Board certification is perhaps one of the most underutilized methods that nurses have available for advancing their nursing careers. Board certifications are issued by professional organizations to nurses who have met the criteria that each particular organization sets to obtain that certification. These certifications focus on individual specialties and sub-specialties of nursing and cover almost every area in which a nurse can work. Obtaining a certification always involves an exam that is tested as securely as the NCLEX and may also require having a certain number of clinical hours within a particular care environment. Nurses who have board certification can indicate this by including the initials of the professional certification in their signature or name after their academic and licensure related initials.
Benefits of Certification
There are several reasons that a nurse should consider pursing a professional certification. Some of the more prominent reasons include improvement in career opportunities, the ability to stand out in your specialty, and increased opportunities for professional development.
Few nurses actually take the time to study for and achieve a professional certification. The American Association of Critical Care Nurses, for example, reports that there are about 500,000 critical care nurses, but also reports that there are only about 15,000 critical care nurses who have their CCRN, the professional certification for critical care nurses. Obtaining a board certification will make you stand out from your peers.
Demonstrate your knowledge and experience
Nurses who have board certification in a specialty are regarded as more experienced and more knowledgeable in that area of nursing. Having a board certification will show your peers and your employer that you have achieved the next level of expertise in your specialty.
More career opportunities
Nurses who have board certification in a specialty will have a much better chance of getting hired for a position in that specialty. Nurse managers recognize that nurses who are board certified in a specialty are more experienced and more knowledgeable in that area than most other applicants. Board certification also establishes you as a leader in your knowledge about your specialty and provides more opportunities for promotion and advancement.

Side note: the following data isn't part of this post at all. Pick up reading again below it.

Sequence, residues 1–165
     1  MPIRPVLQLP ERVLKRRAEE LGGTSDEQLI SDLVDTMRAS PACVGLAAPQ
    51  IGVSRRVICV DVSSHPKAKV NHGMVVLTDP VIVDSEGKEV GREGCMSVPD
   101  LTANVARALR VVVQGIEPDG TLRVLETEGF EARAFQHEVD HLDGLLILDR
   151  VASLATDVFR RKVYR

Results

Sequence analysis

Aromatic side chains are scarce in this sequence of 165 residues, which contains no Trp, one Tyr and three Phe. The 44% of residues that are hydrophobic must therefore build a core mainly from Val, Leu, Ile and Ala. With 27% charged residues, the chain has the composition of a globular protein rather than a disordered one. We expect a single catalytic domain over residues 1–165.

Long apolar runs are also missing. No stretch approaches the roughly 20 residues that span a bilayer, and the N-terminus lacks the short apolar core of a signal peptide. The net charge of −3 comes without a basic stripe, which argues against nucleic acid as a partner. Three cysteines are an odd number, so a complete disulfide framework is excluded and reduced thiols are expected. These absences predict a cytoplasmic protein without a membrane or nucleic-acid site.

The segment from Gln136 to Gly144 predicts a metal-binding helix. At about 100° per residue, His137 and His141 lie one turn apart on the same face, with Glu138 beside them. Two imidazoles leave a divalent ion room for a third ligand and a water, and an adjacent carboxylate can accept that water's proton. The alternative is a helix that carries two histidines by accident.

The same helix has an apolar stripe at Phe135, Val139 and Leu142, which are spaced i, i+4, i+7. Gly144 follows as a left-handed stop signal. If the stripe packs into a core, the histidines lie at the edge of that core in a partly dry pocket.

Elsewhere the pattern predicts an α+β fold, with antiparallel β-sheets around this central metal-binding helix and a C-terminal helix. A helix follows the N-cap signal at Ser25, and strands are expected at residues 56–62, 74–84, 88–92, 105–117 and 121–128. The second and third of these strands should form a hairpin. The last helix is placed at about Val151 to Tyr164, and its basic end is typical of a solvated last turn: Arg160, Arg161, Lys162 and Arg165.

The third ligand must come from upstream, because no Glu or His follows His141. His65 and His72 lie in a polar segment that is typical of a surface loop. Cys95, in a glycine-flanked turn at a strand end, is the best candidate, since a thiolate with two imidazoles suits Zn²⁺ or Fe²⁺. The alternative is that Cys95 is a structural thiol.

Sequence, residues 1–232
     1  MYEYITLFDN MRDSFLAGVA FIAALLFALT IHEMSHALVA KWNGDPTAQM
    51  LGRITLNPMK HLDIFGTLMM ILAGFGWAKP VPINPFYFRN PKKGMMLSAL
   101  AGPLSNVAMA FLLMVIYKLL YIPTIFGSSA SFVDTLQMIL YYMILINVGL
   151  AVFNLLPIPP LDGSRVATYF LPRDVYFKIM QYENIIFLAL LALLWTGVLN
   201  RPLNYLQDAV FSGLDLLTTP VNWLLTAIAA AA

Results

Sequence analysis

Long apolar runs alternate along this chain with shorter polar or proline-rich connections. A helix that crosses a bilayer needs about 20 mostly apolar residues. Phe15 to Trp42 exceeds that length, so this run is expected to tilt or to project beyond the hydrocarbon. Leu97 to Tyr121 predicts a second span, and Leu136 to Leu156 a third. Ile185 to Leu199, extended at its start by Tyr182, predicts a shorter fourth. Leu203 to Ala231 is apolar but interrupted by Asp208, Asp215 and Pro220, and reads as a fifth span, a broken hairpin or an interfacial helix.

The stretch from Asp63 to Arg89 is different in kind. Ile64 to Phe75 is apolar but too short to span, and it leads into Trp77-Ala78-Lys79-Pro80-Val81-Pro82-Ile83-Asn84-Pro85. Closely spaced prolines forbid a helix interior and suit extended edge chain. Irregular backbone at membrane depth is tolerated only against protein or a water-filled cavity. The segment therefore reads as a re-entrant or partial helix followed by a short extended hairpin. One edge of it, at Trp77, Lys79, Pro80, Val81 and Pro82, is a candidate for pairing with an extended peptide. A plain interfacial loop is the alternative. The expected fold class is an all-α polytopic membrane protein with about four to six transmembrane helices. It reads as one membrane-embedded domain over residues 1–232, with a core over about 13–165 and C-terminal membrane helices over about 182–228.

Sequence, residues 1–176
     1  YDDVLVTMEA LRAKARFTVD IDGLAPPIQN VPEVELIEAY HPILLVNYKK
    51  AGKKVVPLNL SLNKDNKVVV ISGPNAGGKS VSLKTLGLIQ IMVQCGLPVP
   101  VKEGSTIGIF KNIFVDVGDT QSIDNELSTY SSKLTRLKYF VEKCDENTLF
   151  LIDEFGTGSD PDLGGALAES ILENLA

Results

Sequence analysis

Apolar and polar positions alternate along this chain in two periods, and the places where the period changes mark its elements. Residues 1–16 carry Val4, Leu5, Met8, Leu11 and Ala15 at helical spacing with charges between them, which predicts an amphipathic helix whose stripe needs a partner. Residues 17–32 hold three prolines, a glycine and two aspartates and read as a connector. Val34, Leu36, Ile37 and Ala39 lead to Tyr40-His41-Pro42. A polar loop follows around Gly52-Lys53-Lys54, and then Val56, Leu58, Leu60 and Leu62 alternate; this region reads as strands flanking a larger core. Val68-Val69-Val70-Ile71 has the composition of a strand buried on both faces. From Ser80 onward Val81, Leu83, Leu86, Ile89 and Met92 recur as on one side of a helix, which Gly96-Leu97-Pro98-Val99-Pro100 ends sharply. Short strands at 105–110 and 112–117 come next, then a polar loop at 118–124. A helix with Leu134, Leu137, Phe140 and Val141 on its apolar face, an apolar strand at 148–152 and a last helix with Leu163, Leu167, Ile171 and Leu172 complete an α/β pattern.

Almost all board certifications require ongoing clinical education that will help to maintain and further your professional development and knowledge in your specialty. Even the act of studying for the certification exam will enhance your professional knowledge, due to the content you will have to be familiar with in order to pass.
Obtaining your professional certification will involve several steps but is not complicated. The process does vary based on the type of board certification being pursued and the professional organization that issues the certification.
The eligibility requirements for board certifications vary, depending on the type of certification. All board certifications for nurses require an active nursing license, but the verification process is typically quick and painless. Many board certifications require, or strongly suggest, a minimum number of hours within the specialty that you are applying for certification in. If there is no required minimum number of hours in the specialty, but there is a strong recommendation for how many hours you have completed, then it is normally best not to apply for certification until you have met the recommended level of experience. The tests are normally tailored to be easier for someone with experience, and the likelihood that you will succeed at the test is low if you do not have the recommended experience.
The cost of taking the exam for a certification varies, but is typically $200-$400. Many employers will offer to reimburse the cost of the exam if you pass, and some may even pay for the initial test. Some employers will also pay for, or reimburse for, study materials or classes. One way of lowering the cost for a certification exam can be to become a member of the professional organization associated with the certification. While there will typically be an annual membership fee, members will often have access to better pricing for certification examination and study materials that non-members may not have.
Before you take the certification exam, you should find study materials for that certification and take the time to review the information that could be in the exam. Many exams have a wait period for retesting if you fail the first time, so studying so that you can pass initially is always advised.
Certification exams are almost always administered under the same testing conditions as the NCLEX. Expect a high level of security and familiarize yourself with computer test taking, if necessary. While the exam will be tested on a computer like the NCLEX, it will often consist of questions from a question bank with a minimum percentage needed to pass, instead of using a complex testing algorithm like the NCLEX.
Board certification in your specialty can have a significant impact on you as a nurse, both professionally and personally. If you are considering board certification, you should visit your specialty’s professional organization for more information about what certifications are available to you.